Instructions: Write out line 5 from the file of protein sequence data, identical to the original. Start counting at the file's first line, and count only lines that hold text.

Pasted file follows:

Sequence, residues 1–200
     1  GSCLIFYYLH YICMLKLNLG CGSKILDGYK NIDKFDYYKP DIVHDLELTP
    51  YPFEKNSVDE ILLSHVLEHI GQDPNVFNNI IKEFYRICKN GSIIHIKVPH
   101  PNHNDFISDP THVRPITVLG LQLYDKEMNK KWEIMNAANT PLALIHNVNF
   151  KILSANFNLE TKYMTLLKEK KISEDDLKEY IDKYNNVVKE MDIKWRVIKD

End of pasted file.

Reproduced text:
   151  KILSANFNLE TKYMTLLKEK KISEDDLKEY IDKYNNVVKE MDIKWRVIKD